Governor of New York Questions Constitutionality of Tax Overhaul

New York Governor Andrew Cuomo said Thursday that the new federal tax overhaul targeting high-tax states may be unconstitutional as it possibly violates New York resident’s rights to due process and equal protection.

President Donald Trump signed the sweeping tax bill into law on Friday. It introduces a $10,000 cap on state and local income deductions as well as on property taxes, a provision known as SALT. The provision will affect numerous taxpayers in high-income, high property values, and high-tax states, Reuters reports. New York is among these states.

“I‘m not even sure what they did is legally constitutional and that’s something we’re looking at now,” Cuomo said.

He also outlined reasons as to why the tax overhaul may be unconstitutional.

“Politics does not trump the law. You have the constitution, you have the law, you have due process, you have equal protection. You can’t use politics just because the majority controls to override the law,” Cuomo added.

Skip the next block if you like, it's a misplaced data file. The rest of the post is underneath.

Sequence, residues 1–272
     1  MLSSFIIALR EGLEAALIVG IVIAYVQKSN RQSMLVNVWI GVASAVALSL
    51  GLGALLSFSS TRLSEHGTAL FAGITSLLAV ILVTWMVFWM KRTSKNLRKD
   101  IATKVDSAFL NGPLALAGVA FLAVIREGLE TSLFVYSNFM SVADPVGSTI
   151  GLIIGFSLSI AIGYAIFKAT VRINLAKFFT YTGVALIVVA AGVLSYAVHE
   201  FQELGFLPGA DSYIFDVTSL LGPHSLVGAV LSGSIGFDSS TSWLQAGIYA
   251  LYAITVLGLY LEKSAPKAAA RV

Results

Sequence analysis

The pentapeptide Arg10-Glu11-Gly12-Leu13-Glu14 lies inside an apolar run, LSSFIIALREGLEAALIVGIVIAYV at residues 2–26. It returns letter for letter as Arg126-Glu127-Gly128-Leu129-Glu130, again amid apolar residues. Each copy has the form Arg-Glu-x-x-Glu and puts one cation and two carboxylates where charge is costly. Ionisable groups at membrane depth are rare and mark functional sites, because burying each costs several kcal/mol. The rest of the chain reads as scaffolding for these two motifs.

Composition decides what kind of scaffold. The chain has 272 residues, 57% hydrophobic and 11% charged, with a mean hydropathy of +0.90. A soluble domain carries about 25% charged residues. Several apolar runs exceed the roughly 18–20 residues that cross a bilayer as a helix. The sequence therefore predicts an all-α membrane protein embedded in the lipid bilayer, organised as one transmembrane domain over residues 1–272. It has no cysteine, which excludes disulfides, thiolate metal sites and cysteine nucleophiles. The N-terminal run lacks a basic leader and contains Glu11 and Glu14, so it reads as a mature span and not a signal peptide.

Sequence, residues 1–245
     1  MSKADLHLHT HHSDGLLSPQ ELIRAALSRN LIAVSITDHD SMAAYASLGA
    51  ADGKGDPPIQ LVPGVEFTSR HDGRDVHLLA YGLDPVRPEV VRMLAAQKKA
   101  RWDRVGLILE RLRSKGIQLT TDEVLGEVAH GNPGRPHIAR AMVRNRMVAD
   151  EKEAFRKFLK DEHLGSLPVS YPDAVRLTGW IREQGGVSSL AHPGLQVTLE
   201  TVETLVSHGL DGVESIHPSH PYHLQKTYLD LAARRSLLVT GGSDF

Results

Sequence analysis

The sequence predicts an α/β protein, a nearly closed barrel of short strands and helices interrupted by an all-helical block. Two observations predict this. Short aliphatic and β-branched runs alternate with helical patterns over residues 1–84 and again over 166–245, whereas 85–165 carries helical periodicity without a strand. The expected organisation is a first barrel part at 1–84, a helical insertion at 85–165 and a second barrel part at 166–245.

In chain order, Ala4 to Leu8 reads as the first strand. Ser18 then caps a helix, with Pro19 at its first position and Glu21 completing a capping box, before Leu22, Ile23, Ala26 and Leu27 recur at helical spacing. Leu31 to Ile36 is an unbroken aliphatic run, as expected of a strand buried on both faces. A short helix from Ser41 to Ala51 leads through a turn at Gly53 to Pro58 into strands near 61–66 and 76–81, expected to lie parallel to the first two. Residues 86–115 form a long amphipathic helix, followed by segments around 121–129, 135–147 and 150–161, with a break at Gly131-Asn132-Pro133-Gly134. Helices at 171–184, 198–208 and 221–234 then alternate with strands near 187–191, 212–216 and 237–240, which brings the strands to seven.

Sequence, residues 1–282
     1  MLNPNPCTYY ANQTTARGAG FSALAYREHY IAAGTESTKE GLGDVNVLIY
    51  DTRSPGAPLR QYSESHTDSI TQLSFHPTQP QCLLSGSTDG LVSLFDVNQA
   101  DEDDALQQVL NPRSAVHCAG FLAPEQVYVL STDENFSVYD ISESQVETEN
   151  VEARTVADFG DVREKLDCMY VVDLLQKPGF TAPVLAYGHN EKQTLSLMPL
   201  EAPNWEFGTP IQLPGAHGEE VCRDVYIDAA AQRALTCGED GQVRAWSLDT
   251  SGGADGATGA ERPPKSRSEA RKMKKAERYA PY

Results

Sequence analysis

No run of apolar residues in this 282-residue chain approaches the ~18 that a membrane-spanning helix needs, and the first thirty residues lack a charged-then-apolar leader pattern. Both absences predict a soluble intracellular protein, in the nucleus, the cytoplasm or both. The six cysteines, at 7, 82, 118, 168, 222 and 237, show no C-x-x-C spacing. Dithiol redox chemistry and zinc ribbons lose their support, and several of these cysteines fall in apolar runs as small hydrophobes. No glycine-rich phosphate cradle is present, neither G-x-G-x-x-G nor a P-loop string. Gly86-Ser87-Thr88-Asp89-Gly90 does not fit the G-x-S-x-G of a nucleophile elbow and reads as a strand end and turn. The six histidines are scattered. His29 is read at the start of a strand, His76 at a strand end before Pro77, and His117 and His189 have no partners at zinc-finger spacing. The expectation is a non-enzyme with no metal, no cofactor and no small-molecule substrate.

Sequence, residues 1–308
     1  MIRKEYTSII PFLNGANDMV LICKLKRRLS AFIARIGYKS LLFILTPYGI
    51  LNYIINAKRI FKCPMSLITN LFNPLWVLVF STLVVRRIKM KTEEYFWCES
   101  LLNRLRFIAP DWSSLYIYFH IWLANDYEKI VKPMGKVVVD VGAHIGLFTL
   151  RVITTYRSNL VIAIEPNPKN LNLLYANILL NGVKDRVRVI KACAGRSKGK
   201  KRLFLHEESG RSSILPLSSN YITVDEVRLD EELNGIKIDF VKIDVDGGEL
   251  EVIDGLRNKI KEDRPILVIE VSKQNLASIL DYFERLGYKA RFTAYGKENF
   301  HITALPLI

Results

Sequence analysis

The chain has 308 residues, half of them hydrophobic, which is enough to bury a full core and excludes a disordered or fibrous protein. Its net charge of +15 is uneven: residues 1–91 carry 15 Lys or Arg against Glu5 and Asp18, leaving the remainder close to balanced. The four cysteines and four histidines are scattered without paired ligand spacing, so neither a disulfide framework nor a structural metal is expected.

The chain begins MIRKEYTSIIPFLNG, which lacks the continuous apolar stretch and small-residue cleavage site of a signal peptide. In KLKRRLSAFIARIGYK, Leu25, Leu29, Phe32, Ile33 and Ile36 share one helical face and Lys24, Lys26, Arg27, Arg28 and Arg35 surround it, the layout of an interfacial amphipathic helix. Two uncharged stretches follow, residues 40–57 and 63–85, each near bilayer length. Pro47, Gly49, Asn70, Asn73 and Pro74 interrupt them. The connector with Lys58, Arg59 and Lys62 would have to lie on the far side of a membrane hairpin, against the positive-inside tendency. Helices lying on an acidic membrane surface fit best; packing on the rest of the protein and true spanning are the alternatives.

The governor’s comment referred to the Fifth Amendment which guarantees the protection of individuals from the seizure of property without due process, which the Supreme Court interprets as guaranteeing equal protection by the law.

Law professors say that the provision might interfere with the U.S. Constitution’s 10th Amendment, which protects states’ rights, while tax attorneys believe that Cuomo’s legal argument against the tax bill could be that it discriminates and places an unjust tax burden on “blue states”, that is states that heavily voted for Democrats in the past.

“The de facto effect of this legislation is to discriminate against blue states and particularly from (Cuomo‘s) perspective the state of New York,” said Joseph Callahan, a New York-based attorney.

On the other hand, some tax experts claim that the Supreme Court interprets the 16th Amendment to allow Congress freedom to tax as it sees fit.

“I don’t understand how they think they have a valid lawsuit here,” David Gamage, a professor of tax law, said, referring to blue state governors’ possible challenges to the bill.

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